How To Invest In Stock Market For Beginners

Greetings! Before I start with the juicy details of How To Invest In Stock Market For Beginners, let me ask you one thing. Have you ever thought about investing in the stock market but didn’t go through with it for some reason?

How To Invest In Stock Market For Beginners Imagine if you have a choice to gain $10,000 in the next 4 months or so. You can choose to use your credit card or money in your bank. Which one do you choose? If you are like most people, you would choose the credit card because you wont see your money for a long period of time. You are in effect borrowing money from your future self. This is the essence of investing in the stock market for beginners

What Kind of Investor Are You?

Before you commit your money, you need to answer the question: What kind of investor am I? When opening a brokerage account, an online broker like Charles Schwab or Fidelity will ask you about your investment goals and what level of risk you’re willing to take.

Some investors want to take an active hand in managing their money’s growth, and some prefer to “set it and forget it.” More “traditional” online brokers, like the two mentioned above, allow you to invest in stocks, bonds, exchange-traded funds (ETFs), index funds, and mutual funds.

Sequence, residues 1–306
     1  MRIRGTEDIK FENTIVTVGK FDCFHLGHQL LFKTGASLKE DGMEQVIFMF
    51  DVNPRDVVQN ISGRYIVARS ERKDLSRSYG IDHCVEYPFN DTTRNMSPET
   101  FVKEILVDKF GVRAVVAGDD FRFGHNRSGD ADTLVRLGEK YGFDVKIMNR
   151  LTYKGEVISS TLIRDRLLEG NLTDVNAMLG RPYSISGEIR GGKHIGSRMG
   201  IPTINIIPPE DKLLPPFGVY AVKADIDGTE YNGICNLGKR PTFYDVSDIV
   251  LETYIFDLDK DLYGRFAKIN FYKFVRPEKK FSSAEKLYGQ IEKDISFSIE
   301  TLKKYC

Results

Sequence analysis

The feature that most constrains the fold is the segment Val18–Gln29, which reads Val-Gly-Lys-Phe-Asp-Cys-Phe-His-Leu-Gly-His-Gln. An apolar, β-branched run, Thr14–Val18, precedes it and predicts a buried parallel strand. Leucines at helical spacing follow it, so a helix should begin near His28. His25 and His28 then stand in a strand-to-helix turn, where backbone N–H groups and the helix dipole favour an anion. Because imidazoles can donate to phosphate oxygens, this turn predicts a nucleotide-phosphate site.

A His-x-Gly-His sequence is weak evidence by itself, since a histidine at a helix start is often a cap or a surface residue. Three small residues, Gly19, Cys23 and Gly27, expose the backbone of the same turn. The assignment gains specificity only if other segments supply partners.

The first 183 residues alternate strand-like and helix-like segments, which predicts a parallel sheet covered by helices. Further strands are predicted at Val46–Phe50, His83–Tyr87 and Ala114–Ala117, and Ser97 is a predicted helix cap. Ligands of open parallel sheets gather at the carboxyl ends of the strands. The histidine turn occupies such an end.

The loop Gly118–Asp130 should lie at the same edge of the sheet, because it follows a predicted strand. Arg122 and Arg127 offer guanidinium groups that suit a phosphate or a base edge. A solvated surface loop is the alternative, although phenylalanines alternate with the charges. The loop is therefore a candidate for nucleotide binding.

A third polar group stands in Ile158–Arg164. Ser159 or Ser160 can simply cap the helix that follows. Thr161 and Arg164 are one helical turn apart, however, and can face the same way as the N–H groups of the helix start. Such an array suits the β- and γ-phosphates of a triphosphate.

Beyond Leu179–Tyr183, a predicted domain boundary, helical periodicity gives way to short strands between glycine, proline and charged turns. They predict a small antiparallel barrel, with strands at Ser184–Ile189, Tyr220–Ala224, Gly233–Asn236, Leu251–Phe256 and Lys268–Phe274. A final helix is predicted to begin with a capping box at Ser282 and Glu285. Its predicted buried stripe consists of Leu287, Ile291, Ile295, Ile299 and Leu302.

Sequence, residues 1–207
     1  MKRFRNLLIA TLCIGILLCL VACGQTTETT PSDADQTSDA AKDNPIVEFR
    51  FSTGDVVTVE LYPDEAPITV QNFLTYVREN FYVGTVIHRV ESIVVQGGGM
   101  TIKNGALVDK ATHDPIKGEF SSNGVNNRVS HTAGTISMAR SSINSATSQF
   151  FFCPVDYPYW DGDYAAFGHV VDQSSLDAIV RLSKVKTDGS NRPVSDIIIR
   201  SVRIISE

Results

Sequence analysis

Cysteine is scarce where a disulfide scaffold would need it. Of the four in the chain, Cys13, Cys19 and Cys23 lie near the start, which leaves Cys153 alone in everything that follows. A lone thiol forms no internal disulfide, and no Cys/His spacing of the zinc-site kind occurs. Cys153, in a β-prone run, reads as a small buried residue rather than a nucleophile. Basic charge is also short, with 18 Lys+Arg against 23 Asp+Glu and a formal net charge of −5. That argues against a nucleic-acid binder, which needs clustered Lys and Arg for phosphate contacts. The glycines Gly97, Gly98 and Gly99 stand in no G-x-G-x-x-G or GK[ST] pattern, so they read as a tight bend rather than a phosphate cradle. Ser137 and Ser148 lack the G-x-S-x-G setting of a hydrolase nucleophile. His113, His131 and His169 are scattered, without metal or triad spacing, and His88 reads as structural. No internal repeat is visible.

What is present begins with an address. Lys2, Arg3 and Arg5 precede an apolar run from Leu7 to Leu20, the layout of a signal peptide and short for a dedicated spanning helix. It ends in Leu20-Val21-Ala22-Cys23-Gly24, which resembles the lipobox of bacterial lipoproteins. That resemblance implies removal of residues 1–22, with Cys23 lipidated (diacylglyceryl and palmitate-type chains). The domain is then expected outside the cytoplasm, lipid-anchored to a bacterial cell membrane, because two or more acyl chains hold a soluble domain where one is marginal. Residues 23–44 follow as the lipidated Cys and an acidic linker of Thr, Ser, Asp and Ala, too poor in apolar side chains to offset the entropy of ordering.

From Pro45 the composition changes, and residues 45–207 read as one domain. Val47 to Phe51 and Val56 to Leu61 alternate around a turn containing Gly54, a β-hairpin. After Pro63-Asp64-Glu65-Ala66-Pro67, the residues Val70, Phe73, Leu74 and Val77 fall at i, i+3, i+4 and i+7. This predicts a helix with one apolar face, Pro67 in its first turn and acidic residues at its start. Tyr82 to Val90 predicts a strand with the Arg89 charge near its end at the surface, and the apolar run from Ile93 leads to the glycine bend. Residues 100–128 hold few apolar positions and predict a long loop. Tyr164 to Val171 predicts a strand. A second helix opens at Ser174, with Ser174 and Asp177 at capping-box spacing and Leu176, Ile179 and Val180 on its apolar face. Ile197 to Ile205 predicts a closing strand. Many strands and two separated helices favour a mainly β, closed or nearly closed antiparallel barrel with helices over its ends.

Online Brokers

Brokers are either full-service or discount. Full-service brokers, as the name implies, give the full range of traditional brokerage services, including financial advice for retirement, healthcare, and everything related to money. They usually only deal with higher-net-worth clients, and they can charge substantial fees, including a percentage of your transactions, a percentage of your assets they manage, and sometimes, a yearly membership fee. It’s common to see minimum account sizes of $25,000 and up at full-service brokerages. Still, traditional brokers justify their high fees by giving advice detailed to your needs.